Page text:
Not quite recurring: driving utilization in reoccurring revenue businesses


Reoccurring–don’t you mean recurring–what’s the difference?

Recurring revenue is pretty well defined: this is revenue that comes in repeatedly, in predictable amounts, at regular intervals.  There is also a sister category, which I’ll call “reoccurring revenue”.  I can’t find a good business definition, so I’ll have to lean on the grammatical distinction between recurring and reoccurring.  Things that reoccur happen more than once, but not always regularly or predictably.  So by extension, reoccurring revenue is revenue that repeats, but for which there’s some uncertainty around timing or amount.

Technically, lots of repeat customer relationships could qualify as reoccurring revenue, but I’m more interested in steadier arrangements that might otherwise be categorized as recurring revenue.  There are a few big categories that fit this bill

1. Payments, commission, and other B2B2C

While business-to-business-to-consumer (B2B2C) companies get revenue through the same business clients every month or year, the amount of revenue can vary based on behavior of the end consumers.  Payments companies are a classic example: the revenue that a payment processor makes in fees depends upon end customer traffic, spending, and choice of payment type.  Companies that make their money on commission or referrals, like travel aggregators, would also fall into this category.

 2. Two-sided platforms and marketplaces

Marketplaces have always had to build their products around distinct buyer and seller user groups.  Typically their revenue is proportionate to the traffic on their platform, so they need to drive utilization by both user types.

3. Contracted volume-based pricing

More and more SaaS and tech-enabled service companies are opting for usage or value-based pricing.  Most end up still operating with some flavor a recurring model, but some move to pricing that’s completely variable and enter reoccurring territory.  For examples, think about companies that opt to charge only for users active in a given period (like Expensify) or companies that charge per usage event (like Twilio).

Utilization is the name of the game

In reoccurring arrangements, there are often multiple customer types: service provider and service seeker, product buyer and product users, payer and payee.  Usually, it’s something of a two-part sale, where you start with a larger “partner customer”, then encourage a smaller “utilization customer” to use the product or service.  If you stop once you have the partner customer, you’re only half way there.

In traditional software organizational schemes, ownership can fall through the cracks.  Maximizing utilization requires a coordinated effort across teams, especially marketing, product, and customer success.  It likely requires that someone be constantly monitoring and coordinating sign-ups (likely a marketing/customer success activity), successful first usage (likely a product activity), and continued usage (likely a joint activity).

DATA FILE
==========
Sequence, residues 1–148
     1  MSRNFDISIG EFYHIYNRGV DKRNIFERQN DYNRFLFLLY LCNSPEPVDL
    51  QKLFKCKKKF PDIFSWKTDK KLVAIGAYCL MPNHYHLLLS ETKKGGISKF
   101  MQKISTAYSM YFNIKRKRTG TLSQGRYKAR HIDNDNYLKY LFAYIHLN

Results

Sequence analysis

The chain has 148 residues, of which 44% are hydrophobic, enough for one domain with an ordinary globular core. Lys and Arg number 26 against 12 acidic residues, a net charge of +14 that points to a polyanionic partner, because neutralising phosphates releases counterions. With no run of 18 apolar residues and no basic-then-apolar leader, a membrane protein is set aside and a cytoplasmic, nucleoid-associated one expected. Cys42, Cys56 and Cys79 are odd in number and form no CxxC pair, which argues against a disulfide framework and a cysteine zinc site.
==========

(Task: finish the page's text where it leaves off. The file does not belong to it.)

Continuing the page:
Reoccurring revenue graphic

Get sign ups through marketing and customer success

Getting the utilization customer onto the platform can require a multi-pronged approach of contacting that customer directly (through marketing tactics) and enabling the partner customer to encourage their associated utilization customers (through customer success tactics).  For instance, if you have a payments product, you might have an email or retargeting campaign for the utilization customers (your partner customer’s customers) you’re hoping to drive through your channel.  It’s also valuable to have your partner customer educate their utilization customers that they can and should use your service.  For instance, you might want to make sure your logo is well-placed on your partner’s website, help them send enrollment emails, or train their customer facing employees on how to talk about your product—getting all those things to happen stems from strong customer success relationships.

Design a super-easy product to boost adoption

Especially for less frequent or less sophisticated users, the product should be dead easy.  For B2B companies working with utilization customers for the first time, this can be a shift.  Traditional B2B power users are in a business application all day, place a premium on deep functionality, and are more willing to tolerate a learning curve.  Utilization customers likely don’t feel the same way, as they’re probably consumers or much smaller businesses used to dealing with consumer software.  UI should be intuitive, number of steps should be kept to a minimum, and the most important features should be obvious.

Monitor utilization and intervene to re-engage

Like with any other product, customer engagement should be measured over time, and there should be product design elements to bring users back to the platform.  But with a reoccurring revenue business, there should be an additional layer of monitoring cohorts of utilization customers by their partner customer(s).  Check to see if utilization is lagging for specific partners, and if so, engage customer success.  Customer success should care not only about retention of large partner customers, but also driving their utilization rates.

Frame utilization as upsell

The KeyBanc (formerly Pac Crest) survey of SaaS companies has consistently found that selling an incremental dollar in revenue into an existing customer is cheaper than selling $1 in revenue to a new logo ($0.30 for $1 of expansion ARR vs. $1.15 for $1 of new logo ARR in 2017).  Driving growth through utilization is likely less costly than growing by bringing in new large partner customers, but many companies overlook or under-resource that opportunity.



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